Honestly, the best way to trim out your shifting is in the saddle, under load and only SRAM AXS allows you to do that easily.
Bring on the ka-power
The new Force AXS crankset now looks like Darth Vader customized the shiny RED AXS chainrings. In fact, that black treatment throughout speaks to me — I really like it. Aside from the black color scheme, the one-piece double chainring and dual-sided Quarq DZero power meter combo provides accurate power measurements to optimize output and analysis. A one-piece design also saves weight and the material is said to last 50% longer than SRAM’s 11-speed chainrings. I’m still trying to find out if they will do a half-price replacement if you are one of the few to wear them out.
As with all AXS components, there are a myriad of batteries and they to seem to drain a little faster than I would like. It’s helpful to have a couple of charged batteries on-hand at all times. A quick pre-ride battery check is always a good idea and replacement is a breeze. No, they don’t last as long as Shimano Di2, but it’s easy to change and I love that I can drop a charged battery in a pocket on a long ride for peace of mind.
Those smaller hoods
The smaller hoods, mimic the Rival AXS designs and eliminate wired ports. I didn’t ever feel like SRAM RED or the prior-generation Force hoods were too large, but they are notably larger than Shimano Dura-Ace and Ultegra. Now, this smaller design is pretty close to Shimano and it’s one of those things I didn’t know I would appreciate until I tried it. Now I do prefer the smaller hood shape and love how it feels when pushing hard on the flats or standing and sprinting or climbing. It is much easier to dance around them and access the perfectly-shaped brake levers.
Braking power and modulation are outstanding from either the hoods or drops and the carbon-blade levers don’t get freezing cold like alloy ones will. With all the wheelset changes, I also used a variety of rotors and all of them performed quietly and confidently. From the drops, one or two-finger braking is a breeze. From the hoods, a single-finger brake pull often gets blocked by the remaining fingers hitting the shift paddle, so I often just two-finger braked from the hoods. The lever’s pivot point is such that it’s easy to pull from either location. I also noticed that the return speed on the left brake lever felt occasionally slower than the right lever. It’s possibly due to a less-than-ideal bleed on install. I’ll post updates as this groupset migrates to another bike build in the spring.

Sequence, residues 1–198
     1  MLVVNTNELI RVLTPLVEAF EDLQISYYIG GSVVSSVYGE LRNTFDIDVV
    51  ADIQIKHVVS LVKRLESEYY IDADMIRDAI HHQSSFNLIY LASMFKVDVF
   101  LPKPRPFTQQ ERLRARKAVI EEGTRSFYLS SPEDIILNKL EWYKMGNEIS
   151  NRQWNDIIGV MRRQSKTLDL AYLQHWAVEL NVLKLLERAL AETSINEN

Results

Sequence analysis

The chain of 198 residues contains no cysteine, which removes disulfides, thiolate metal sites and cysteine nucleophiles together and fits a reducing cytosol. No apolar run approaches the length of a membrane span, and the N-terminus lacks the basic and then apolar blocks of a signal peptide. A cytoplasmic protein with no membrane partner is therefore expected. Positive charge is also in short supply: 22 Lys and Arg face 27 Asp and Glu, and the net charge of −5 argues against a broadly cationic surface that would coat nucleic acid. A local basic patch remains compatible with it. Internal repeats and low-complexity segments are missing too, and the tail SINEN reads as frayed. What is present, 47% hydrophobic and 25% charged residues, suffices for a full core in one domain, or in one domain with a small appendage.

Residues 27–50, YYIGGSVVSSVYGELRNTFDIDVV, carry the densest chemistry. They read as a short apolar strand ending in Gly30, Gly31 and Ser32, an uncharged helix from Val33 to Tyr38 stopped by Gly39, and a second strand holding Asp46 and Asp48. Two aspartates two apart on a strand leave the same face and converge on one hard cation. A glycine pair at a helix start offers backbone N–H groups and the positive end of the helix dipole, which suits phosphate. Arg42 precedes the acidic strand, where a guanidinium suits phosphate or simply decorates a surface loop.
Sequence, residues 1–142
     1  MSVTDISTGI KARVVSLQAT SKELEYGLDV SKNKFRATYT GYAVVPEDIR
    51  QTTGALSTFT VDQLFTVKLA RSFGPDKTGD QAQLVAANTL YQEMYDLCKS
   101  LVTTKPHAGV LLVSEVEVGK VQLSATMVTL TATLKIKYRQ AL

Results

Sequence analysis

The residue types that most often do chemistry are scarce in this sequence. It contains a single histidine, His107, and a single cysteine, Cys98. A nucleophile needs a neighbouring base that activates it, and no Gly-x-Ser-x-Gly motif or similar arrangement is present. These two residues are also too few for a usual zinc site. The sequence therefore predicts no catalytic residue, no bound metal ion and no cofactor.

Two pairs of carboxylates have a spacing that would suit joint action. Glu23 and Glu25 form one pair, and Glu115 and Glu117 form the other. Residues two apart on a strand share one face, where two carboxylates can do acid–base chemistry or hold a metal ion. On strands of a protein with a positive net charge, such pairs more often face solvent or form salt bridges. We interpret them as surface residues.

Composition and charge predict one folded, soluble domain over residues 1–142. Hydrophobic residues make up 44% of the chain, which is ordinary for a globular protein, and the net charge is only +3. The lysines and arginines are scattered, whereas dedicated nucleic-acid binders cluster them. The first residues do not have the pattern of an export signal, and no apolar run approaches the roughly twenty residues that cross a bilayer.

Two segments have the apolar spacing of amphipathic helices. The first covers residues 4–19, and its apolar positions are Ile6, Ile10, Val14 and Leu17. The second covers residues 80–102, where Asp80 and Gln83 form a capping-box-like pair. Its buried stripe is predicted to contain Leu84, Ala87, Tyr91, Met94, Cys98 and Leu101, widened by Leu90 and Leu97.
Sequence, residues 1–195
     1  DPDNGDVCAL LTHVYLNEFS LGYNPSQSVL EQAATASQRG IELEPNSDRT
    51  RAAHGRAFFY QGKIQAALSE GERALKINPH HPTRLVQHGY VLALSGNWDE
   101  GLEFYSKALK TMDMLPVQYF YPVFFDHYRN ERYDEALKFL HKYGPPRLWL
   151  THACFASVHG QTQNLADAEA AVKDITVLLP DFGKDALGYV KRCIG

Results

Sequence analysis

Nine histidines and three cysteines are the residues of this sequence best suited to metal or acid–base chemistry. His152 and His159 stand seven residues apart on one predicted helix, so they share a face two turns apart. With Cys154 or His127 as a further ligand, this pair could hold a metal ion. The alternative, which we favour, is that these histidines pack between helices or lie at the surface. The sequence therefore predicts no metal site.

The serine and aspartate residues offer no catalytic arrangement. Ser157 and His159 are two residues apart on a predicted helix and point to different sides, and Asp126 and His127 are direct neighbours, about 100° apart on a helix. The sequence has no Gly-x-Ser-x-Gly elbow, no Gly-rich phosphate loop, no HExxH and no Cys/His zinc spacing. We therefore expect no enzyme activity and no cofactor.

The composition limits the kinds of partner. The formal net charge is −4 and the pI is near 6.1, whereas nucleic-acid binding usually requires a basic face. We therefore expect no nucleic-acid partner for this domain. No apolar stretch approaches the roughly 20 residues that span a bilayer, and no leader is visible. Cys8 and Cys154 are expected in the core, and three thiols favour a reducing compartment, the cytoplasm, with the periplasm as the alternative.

Why RED (or Rival)?
Good question. After riding SRAM RED AXS for thousands of miles and now the latest SRAM Force AXS, the only reason you should demand RED is if you want the lightest bike possible. Titanium and carbon bits add up to a significant weight savings, but at a serious cost. Going down to Rival AXS is also a compelling option, but the carbon cranks, brake levers and the option of a dual-sided power meter will tug at the racer inside. I see the new Force AXS as an honest RED replacement at this point (for those without bottomless pockets) — until a new RED groupset is introduced. And, on the other end, a full Rival AXS kit will save considerable money over Force AXS and yield the same performance with a minor weight penalty and the minor issue of a single-sided power meter. Still, Force remains the people’s groupset with the best of Red while still remaining affordability — especially with OEM builds.
The Bottom Line
SRAM's timely updates to their still-racy Force AXS groupset have both improved the looks and ergonomics of their second-tier kit. Of course, the eTap shifting is top-notch and the overall shifting performance is on par with what I've come to expect from SRAM AXS. Braking is also solid and the smaller hoods feel a little better in-hand than the previous-generation.
- eTap shifting remains smooth and intuitive
- Clutch eliminates chain slap on even the roughest terrain
- Smaller hoods feel nice in-hand
- Dual-sided power meter makes it easy to measure your efforts
- SRAM AXS App is easy to use/customize
- Rear derailleur adjustments are a breeze in-the-saddle
- Available in road or gravel options
- The black color looks sleek, IMO
- Unified power meter and chainrings still causes a stir
- Bulky front derailleur can reduce tire clearance
- Double-check the battery status before every ride -- they drain faster than you think
- Shift Quality
- Setup and Adjustability
- Overall Value